Tuesday, September 2, 2008


AS NEW YORK YANKEES fans come to terms with the realization that there’s going to be no October baseball in the Bronx for the first time in nearly 15 years, our thoughts are already turning to next season.

There is no doubt that for general manager Brian Cashman, the Steinbrenner family and their cohorts, this is going to be the most important off-season for the club in decades.

The current Yankees roster contains far too many overpaid 30-somethings. It says it all that the biggest competition is for the DH spot. So who do you want to see back next year?

Like it or not, the Yanks are stuck with Alex Rodriguez for the next nine years, and Robinson Cano until at least 2011. We can only hope they return to last season’s form.

Derek Jeter has another three years to go on his contract. Johnny Damon and Hideki Matsui both have one more year.

Unless, the Yanks trade any of the above (and who would buy them?), they will again form the backbone of the batting line-up in 2009 – an order hopefully boosted by a fully fit catcher Jorge Posada.

With Damon struggling to take the field every day, and Matsui facing surgery on a knee injury, we already have two candidates for the role of DH.

I can’t imagine the Yanks will offer Jason Giambi another deal, even for one year, so the biggest dilemma for Cashman and Co. is whether to resign Bobby Abreu.

Nady a better long-term option than Abreu

With 15 home runs and 84 RBIs, Abreu (.302 average) has probably been the team’s most-clutch hitter this season.

On the minus side, he will be 35 by the time next season starts, he’s going to cost at least $16 million, and he never looks comfortable playing in right field.

The Yanks need an injection of players on the way up, rather than the way down, so if it were my decision, I would let Abreu go.

They would be better off spending the money on Xavier Nady, who has made a big impression since his short-term move from Pittsburgh at the end of July.

In contrast to Abreu, Nady seems more interested in hitting the ball out of the park than running the count deep.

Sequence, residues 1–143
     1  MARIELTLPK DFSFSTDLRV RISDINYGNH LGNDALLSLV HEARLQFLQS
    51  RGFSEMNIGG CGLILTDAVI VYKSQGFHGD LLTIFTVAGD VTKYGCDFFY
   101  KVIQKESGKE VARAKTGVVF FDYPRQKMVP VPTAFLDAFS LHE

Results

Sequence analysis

The disappointing Melky Cabrera could be used as bait in a trade, although his value has dropped considerably since this time last year.

Talk has it that the Yanks will pursue first baseman Mark Teixeira, currently playing for the Los Angeles Angels. Teixeira would be a tremendous signing. Trouble is, he’ll want a similar deal to A-Rod if he comes to New York.

The same goes for pitching ace CC Sabathia, who is likely to be the Yanks’ No. 1 target this winter.

Pitching ace has to be No. 1 priority

Although they have failed to score anywhere near enough runs this season, their pitching problems have been more obvious.

Surely we have seen the last of Sidney Ponson after his failure to win yesterday’s game, even with a nine-run lead. Darrell Rasner must go and so too, ‘Big Game’ Andy Pettitte. Any game would have done just recently but Andy has been unable to deliver.

Pettitte, apparently, has expressed an interest in coming back for one more year. At $16 million a year, I bet he has!

Unless either Phil Hughes or dare I say it, Carl Pavano, can convince between now and the end of September, the Yanks could well be in the market for two new pitchers to form a rotation with Chien-Ming Wang, Joba Chamberlain and the evergreen Mike Mussina.

That’s assuming Joba continues as a starter and doesn’t return to the bullpen full-time.

I still think that with his explosive stuff, he is far better suited to pitching the eighth or ninth inning and becoming the heir apparent to Mariano Rivera.

The Yanks can only hope that Rivera continues to defy Old Father Time, and that the likes of José Veras, Edwar Ramirez, David Robertson, Alfredo Aceves and Phil Coke continue their development to form a young and energetic bullpen.

Those are not two adjectives you would often associate with the 2008 New York Yankees. That’s why Cashman, along with Hank and Hal, need to deliver this winter. 

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